Ireland is key launchpad for US expansion into Europe
The first transatlantic cable was laid between Newfoundland and Valentia Island in County Kerry, Ireland, in 1858. It was a flawed effort; the connection was poor, causing enough issues with efforts to send telegrams along it that major repair efforts were set underway immediately - efforts which ended up further damaging the cable line, severing the connection just three weeks later.
This first step towards transatlantic subsea communication, shaky as it was, laid the foundations of more than a century and a half of information exchange across the ocean, between the East Coast of North America and Western Ireland.
It’s been 163 years since the completion of the first transatlantic cable, an event which cemented Ireland’s position as the landing stage for subsea connections between Europe and the Americas. That position has, in no small way, been a driving force behind the country’s modern role as a landing stage for US and Canadian firms looking to do business in Europe.
Today, some of the largest firms in the world, like Pfizer, Janssen, Zurich, Metlife, Google and VmWare use Ireland for their European Headquarters. The combination of an English-speaking workforce (a boon made all the more important as Brexit makes the UK and the north of Ireland an increasingly complex environment that provides diminishing opportunities to access the rest of Europe), a cultural and regulatory landscape that welcomes foreign investment, and world-class connectivity makes the country an unparalleled choice for firms looking to establish a foothold in the EU.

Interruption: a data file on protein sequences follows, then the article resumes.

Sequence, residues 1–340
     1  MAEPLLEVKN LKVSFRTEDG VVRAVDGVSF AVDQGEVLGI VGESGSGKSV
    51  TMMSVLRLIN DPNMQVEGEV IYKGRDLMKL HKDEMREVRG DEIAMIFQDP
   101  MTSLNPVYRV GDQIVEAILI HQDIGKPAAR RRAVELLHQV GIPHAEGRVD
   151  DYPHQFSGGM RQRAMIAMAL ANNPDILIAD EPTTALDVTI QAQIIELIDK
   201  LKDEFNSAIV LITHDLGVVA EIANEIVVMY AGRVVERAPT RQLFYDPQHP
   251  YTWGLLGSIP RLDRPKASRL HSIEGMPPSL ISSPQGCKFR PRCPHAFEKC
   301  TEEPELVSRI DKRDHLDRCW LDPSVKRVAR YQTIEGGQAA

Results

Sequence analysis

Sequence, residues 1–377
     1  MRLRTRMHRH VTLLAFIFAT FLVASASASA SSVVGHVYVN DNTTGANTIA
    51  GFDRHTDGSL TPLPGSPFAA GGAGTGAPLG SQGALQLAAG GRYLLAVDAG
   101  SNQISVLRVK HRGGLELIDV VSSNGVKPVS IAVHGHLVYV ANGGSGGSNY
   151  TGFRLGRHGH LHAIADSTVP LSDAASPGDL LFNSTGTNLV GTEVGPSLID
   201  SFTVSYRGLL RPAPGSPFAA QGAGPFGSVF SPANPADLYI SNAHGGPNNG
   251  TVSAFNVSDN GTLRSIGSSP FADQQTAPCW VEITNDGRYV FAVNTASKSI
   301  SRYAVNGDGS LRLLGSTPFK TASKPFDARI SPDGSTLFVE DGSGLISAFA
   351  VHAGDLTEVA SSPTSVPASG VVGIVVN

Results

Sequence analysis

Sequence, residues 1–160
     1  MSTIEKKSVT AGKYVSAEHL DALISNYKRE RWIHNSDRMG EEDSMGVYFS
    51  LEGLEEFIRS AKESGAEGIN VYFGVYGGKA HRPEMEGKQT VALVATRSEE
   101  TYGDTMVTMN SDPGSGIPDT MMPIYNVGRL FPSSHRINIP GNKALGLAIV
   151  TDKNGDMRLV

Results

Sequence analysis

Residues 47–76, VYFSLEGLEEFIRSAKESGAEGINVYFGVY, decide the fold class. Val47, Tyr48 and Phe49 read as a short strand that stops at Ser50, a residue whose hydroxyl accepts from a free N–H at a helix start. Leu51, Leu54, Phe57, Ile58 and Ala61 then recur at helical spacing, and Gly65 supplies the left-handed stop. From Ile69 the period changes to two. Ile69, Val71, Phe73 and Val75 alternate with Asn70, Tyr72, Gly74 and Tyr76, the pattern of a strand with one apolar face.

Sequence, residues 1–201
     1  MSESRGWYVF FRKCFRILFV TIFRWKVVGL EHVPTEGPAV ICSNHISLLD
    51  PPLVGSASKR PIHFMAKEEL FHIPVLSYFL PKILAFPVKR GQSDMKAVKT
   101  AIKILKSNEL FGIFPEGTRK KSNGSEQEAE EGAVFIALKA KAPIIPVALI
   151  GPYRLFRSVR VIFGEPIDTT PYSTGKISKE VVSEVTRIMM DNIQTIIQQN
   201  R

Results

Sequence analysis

As a result, Ireland has become one of the world’s leading data centre hubs.
Based on leading data centre firm Interxion’s Data Gravity Index, Dublin will be among the top five European cities that will contribute to Europe’s growth in data in the coming years, following London, Paris, Frankfurt and Amsterdam. The amount of data generated in Dublin itself is expected to grow alongside its economic expansion, with the Data Gravity Index also predicting that Dublin will outpace cities and data centre hubs like Mexico City, São Paulo, and even Shanghai, to be among the top 20 cities to experience annual data growth by 2024.
Ireland ranks 6th in the 2020 EU Digital Economy and Society Index (DESI), meaning that it is among the leading ranks of EU Member States in terms of the uptake and use of digital technologies. Likewise, the trend to locate data centres in Ireland serving overseas clients will continue to generate increasing amounts of international traffic